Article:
The community had a chance to ask Prime Minister Scott Morrison questions about COVID-19 first hand this week.
Lindsay MP Melissa McIntosh hosted a Telephone Town Hall on Tuesday night where thousands of Penrith residents listened in and some got to speak to Mr Morrison.
The locals had lots of questions about the current pandemic and the Government’s plan moving forward through this period.
Vaccination was a focal topic of the nearly hour long discussion with several questions about the matter regarding sourcing them and vaccination targets that will lead to changes in restrictions.
Maria from Regentville highlighted the struggle to book vaccination appointments, especially Pfizer if it is preferred by individuals.
“Pfizer is preferred for under 60’s, we are using if for those younger who are working in medical professions or frontline roles where we can,” Mr Morrison said.
“However, AstraZeneca can get the job done right now, it is not mandatory and we are not seeking to make vaccines mandatory but I encourage you if you have any concerns to have a chat with your GP.”
Mr Morrison said that he could not give Penrith hairdresser Susan a timeline for the return of small businesses that are currently closed, but reassured residents the Government would support them.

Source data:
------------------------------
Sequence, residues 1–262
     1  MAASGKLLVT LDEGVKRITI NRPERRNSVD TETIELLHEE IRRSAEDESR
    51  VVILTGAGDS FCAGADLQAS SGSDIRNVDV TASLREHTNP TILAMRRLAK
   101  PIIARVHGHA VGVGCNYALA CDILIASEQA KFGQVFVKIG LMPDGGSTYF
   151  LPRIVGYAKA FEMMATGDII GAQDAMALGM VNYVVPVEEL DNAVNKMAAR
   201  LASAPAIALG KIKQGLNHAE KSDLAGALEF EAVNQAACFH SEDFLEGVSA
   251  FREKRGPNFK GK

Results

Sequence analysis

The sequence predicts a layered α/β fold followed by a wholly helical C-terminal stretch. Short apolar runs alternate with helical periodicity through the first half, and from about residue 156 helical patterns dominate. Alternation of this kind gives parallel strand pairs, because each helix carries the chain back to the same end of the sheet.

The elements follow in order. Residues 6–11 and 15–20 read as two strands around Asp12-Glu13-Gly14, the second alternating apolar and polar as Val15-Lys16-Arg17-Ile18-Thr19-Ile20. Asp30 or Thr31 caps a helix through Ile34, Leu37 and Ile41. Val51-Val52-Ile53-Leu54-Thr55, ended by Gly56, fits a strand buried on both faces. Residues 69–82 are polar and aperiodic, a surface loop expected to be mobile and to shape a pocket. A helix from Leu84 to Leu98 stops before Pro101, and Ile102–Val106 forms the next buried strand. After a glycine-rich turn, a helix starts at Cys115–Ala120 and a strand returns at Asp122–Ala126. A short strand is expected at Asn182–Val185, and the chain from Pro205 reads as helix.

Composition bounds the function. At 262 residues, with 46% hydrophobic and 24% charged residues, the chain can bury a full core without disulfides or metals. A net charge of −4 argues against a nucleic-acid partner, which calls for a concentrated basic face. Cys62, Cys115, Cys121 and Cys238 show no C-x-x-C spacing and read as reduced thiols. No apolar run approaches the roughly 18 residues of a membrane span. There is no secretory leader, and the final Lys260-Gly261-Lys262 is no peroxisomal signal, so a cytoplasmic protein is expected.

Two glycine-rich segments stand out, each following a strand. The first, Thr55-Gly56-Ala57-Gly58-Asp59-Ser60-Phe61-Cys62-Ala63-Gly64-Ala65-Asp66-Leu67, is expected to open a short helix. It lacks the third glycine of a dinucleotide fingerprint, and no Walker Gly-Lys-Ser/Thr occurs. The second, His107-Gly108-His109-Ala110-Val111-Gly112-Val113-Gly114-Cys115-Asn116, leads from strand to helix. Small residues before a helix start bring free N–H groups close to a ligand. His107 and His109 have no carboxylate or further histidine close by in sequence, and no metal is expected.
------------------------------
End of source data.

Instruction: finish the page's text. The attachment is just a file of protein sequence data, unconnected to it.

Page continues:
“I hope it doesn’t go beyond the end of August, if Sydney-siders can bring these cases down then restrictions can lift and we can be careful while building vaccination rates to 70 per cent so we can manage the Delta Strain with the protections we have,” he said.
“The Federal Government is supporting the people of Sydney to the tune of nearly three quarters of a billion dollars every week to ensure cashflow support and income support to see you through.”
The Prime Minister said he believes Australia is on track to get back to normal.
“No country gets everything right but few countries can say like Australia that we have saved lives and livehoods,” he said.
“We have now set the targets to get to 70 per cent vaccination as a part of our four part plan so we can get to that next phase and I have every confidence that Australians can do that.”
A graduate of Western Sydney University, Emily covers general news and politics for the Weekender.